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We need to talk…..

By Guest Blogger: Trey Cumberbatch

 

…….. about mental illness a lot more.

I'm not only referring to schizophrenia, dementia, bipolar disorder, etc; I'm also talking about depression, anxiety, stress, and any other mental affliction that fundamentally disturbs an individual's thoughts, behaviours and outlook on life. Some persons may find my use of the term "mental illness" a bit dramatic. However, I believe that 'illness' is not solely confined to one's physical well-being. The mind is a powerful entity, and serves as a crucial component in the compass that allows us to navigate life on a daily basis. Therefore, anything that impairs the mind's functioning subsequently impinges on a person's ability to cope with life's everyday demands.

Unfortunately, we somehow treat things like depression and anxiety as being symptoms of someone's frailty. Perhaps, we as a society continue to buy into this false notion of humanity that mandates that we must always have it together for ourselves. Hence, any psychological struggle being experienced is somehow the result of some individual failure on our part.

Furthermore, we rebuke the persons who struggle with these illnesses as being mentally and emotionally fragile, especially when they express their feelings to us. Raise your hand if you have ever been told any of the following, or if you have told someone the following when they've expressed a struggle to you:

  1. "You need to get yourself together."
  2. "You'll be fine."
  3. "Suck it up."
  4. "You have nothing to be depressed/stressed/anxious about!" (Usually followed by a listing of one's material achievements/blessings. Not to sound ungrateful, but mental illness does not operate according to logic).
  5. "It's a mind thing" (Not inaccurate, but you do know that the mind is powerful, and something that you literally cannot get away from right?)
  6. "You need to stop playing victim."

I could go on, but I believe that I've proven my point; as a society, we tend to admonish people for their psychological struggles. In doing so, we not only undermine the legitimacy of the mental and emotional problems that they are enduring, but we also make them feel as if somehow, what they are experiencing is their fault. This discourages individuals from talking about their problems, and many are regrettably left to suffer in silence. By no means am I attempting to ‘baby’ persons and encourage them to "run away" from life's hardships. Trials and tribulations are inevitable facets of the human package, and we do need to have a degree of strength when facing them if we are to navigate life successfully. However, disregarding the reality that we as humans do struggle is not an indicator of strength. If anything, true strength lies in professing that we will never always have it all together.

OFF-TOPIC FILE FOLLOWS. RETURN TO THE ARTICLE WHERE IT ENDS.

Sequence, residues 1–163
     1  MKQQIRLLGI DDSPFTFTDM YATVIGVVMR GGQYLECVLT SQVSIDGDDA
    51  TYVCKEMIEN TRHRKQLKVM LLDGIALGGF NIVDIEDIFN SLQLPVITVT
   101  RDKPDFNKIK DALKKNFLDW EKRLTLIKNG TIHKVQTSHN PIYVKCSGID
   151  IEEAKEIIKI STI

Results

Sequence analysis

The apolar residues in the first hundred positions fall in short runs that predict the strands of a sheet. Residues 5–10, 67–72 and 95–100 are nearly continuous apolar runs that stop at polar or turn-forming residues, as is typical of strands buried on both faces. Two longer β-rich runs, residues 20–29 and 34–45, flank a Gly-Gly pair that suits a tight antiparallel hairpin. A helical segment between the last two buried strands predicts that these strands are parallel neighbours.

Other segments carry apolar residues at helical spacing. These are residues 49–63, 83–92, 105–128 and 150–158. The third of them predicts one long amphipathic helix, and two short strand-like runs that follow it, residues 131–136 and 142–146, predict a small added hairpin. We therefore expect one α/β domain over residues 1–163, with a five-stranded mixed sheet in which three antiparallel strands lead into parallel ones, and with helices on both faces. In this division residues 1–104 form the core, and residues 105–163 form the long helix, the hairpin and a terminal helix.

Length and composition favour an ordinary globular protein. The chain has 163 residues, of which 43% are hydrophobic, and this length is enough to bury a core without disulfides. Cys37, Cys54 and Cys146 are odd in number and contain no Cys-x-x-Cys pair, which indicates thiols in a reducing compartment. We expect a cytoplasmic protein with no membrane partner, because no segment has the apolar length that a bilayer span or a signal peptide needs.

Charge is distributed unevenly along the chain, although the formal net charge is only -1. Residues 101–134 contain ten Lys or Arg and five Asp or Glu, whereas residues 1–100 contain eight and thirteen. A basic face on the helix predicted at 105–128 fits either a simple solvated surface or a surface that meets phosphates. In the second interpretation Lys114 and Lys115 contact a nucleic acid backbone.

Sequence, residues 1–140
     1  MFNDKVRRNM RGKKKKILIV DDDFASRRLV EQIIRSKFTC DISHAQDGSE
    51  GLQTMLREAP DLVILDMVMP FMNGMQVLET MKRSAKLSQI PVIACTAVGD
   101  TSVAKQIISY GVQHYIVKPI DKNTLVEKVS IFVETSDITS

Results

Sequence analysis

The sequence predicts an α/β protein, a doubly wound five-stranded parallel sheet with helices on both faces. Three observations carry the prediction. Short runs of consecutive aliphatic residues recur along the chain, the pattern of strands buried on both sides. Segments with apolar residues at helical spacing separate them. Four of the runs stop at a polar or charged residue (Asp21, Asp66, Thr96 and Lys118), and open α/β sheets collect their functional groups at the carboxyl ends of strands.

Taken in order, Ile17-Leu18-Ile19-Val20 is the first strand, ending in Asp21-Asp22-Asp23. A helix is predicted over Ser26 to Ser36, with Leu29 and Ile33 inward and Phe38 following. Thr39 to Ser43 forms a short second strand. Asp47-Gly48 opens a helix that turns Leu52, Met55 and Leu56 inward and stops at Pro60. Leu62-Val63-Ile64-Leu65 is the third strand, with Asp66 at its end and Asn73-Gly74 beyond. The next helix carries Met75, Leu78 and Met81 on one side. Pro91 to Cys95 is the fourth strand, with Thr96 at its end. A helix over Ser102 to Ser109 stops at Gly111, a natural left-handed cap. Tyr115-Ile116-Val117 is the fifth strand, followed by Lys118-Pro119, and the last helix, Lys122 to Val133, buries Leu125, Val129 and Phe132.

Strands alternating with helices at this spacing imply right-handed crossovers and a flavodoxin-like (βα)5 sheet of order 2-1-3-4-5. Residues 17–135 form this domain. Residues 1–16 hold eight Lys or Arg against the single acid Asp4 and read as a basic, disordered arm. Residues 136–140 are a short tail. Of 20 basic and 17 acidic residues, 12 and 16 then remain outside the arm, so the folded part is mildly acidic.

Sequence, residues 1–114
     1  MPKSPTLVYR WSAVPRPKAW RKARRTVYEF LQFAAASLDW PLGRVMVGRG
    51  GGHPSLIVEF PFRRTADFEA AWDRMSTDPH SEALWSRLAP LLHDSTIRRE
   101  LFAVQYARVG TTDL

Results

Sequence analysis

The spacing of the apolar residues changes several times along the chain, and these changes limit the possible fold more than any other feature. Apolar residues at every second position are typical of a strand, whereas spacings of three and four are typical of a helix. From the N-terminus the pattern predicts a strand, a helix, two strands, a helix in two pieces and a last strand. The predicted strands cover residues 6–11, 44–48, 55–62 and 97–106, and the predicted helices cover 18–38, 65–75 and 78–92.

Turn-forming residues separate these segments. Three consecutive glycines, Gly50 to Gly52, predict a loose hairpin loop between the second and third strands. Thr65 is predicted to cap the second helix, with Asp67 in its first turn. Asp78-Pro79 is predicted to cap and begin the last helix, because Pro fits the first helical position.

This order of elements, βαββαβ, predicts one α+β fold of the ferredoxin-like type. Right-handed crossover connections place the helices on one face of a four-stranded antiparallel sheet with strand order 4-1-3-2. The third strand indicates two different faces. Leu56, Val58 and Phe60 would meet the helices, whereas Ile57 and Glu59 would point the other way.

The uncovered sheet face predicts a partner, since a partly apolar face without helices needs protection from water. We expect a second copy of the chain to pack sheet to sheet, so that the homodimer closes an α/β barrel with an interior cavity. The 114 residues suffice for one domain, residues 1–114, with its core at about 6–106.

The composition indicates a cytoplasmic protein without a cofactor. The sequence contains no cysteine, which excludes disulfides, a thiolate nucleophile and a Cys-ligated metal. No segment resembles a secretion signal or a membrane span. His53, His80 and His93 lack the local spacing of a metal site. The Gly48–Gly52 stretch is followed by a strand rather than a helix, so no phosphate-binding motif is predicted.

That's why we need to talk more about mental illness. I believe that talking about it can be the pivotal first step in the process of promoting an enhanced societal understanding of mental illness. This understanding can ultimately go a long way in transforming perceptions of mental illness in Barbadian society. Moreover, we can finally begin to deconstruct this false notion of ‘success’ that mandates that we must always have it together, and therefore reduce the mental and emotional strain on persons who feel as if they fail to live up to this ideal. On these bases, we can at least begin to help those persons that, even now, continue to suffer in silence.

 

About Trey Cumberbatch 

Having just completed his Bachelor's at the U.W.I Cave Hill campus, Trey Cumberbatch is now seeking to obtain a PhD in Psychology so he can contribute to the ongoing revolution of perceptions of mental illness in Barbados. He seeks to open an organisation dedicated to producing mental health research in the country.

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